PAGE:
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Amanda Thomson shares her experience in the Cairngorms on a bitterly cold and eerie day.


The initial snowfall of the season has been accompanied by subzero temperatures at night, resulting in a delicate layer of frost on the trees and grass. A group of chaffinches have taken shelter in a nearby birch tree, and I search for bramblings, a bird that always brings me joy when spotted. Our bird feeders are bustling with coal, blue, and great tits, as well as goldfinches, woodpeckers, and even a lone crested tit, which is another indication that winter has arrived. Although I can’t help but wonder where the siskins have gone.

Over the last few days, there has been a group of finches consisting of a hundred or more birds. They have been flying back and forth, perching on the highest branches of the birch and pine trees on the opposite side of the field. I am unsure if their constant movement is a natural behavior or due to the presence of a predatory sparrowhawk in our area.

Mist and snow in the Abernethy Forest.

In the afternoon, I take a stroll as the temperature reaches -7C. The sound of my footsteps is amplified and the once soft grass, mud, and leaves now make a crunchy noise under my feet. Puddles also make a crackling sound. When I pause, the surroundings become completely quiet, making it easy to overlook how the snow changes the way light and sound behave. During this early dusk, a gentle mist covers the valley, giving everything a pink-grey hue.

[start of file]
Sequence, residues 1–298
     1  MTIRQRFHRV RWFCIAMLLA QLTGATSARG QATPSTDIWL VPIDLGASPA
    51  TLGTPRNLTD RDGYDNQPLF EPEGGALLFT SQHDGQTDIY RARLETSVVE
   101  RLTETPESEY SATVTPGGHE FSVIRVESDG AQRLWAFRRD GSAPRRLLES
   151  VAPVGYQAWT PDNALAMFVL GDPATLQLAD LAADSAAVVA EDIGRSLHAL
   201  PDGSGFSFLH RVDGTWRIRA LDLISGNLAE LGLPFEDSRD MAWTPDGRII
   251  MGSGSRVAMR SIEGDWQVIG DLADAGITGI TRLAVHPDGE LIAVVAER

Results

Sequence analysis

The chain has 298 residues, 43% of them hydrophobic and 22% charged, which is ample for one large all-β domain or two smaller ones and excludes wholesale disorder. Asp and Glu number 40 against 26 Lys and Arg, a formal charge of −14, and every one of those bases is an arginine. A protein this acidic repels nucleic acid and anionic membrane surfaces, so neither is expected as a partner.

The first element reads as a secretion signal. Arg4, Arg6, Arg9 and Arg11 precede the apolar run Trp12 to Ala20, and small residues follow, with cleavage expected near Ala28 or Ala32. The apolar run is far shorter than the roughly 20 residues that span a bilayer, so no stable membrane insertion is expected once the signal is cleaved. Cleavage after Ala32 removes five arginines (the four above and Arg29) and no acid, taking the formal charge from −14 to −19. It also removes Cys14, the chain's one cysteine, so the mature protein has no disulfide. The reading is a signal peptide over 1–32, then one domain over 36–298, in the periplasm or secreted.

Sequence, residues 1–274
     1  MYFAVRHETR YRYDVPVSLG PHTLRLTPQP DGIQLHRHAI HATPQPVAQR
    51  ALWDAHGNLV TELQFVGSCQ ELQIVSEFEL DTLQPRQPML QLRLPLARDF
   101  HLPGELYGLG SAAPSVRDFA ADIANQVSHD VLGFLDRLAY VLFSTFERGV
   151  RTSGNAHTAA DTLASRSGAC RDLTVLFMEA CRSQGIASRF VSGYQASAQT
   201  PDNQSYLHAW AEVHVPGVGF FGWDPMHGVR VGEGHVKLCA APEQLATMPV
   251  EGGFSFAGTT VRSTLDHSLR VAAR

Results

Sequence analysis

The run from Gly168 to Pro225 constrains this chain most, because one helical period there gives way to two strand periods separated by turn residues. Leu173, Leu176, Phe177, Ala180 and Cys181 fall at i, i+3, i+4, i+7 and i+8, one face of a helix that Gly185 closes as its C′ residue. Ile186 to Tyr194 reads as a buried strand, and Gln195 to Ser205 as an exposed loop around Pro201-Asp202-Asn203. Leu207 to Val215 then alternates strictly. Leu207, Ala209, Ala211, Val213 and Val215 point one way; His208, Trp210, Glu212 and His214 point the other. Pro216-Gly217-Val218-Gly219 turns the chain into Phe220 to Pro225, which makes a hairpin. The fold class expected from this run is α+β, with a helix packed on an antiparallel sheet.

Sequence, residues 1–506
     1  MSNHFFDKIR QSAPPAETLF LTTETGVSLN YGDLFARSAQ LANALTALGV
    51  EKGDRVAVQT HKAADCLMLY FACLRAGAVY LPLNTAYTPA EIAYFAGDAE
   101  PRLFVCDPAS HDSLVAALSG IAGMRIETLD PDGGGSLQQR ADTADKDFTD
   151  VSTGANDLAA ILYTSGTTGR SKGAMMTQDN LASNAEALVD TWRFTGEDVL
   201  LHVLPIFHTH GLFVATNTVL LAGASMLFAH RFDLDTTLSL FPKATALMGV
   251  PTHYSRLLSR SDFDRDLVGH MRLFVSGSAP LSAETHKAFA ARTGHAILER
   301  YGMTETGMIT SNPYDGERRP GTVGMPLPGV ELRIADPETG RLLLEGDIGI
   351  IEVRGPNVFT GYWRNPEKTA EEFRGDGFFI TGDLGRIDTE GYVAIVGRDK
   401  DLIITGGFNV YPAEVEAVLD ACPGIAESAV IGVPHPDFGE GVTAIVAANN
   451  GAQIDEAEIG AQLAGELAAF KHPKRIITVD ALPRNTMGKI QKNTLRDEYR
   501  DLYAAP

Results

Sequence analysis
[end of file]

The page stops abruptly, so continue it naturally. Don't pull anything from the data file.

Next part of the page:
I come across the trails of hares and follow the tracks of mice or voles, which intersect like a complex dance, leading me towards the direction of pinewoods. Even though they may not be visible today, I am aware of their presence and continue towards them. If I were able to climb to a higher vantage point, I would be greeted with sunlight and a view of the low clouds below.

A flock of common redpolls feeding on birch in winter.

It’s just 3.15pm, but sunset is in about 15 minutes, so I head home. The mist thins just enough to see a hint of blue above. I hear a loud chattering, then see the finches again – redpolls – in a birch just in front of me, skittering and chittering around, hanging upside down on the branches like early Christmas baubles.

As I arrive at the tree where they were, I notice that the ground is sprinkled with birch seeds and I trace their path to another tree. I gaze upwards in wonder at their impressive acrobatics, marveling at how they disturb the quietness of the afternoon with their actions and sounds. I can’t help but smile as they rain down birch seeds and snow on my head.

Source: theguardian.com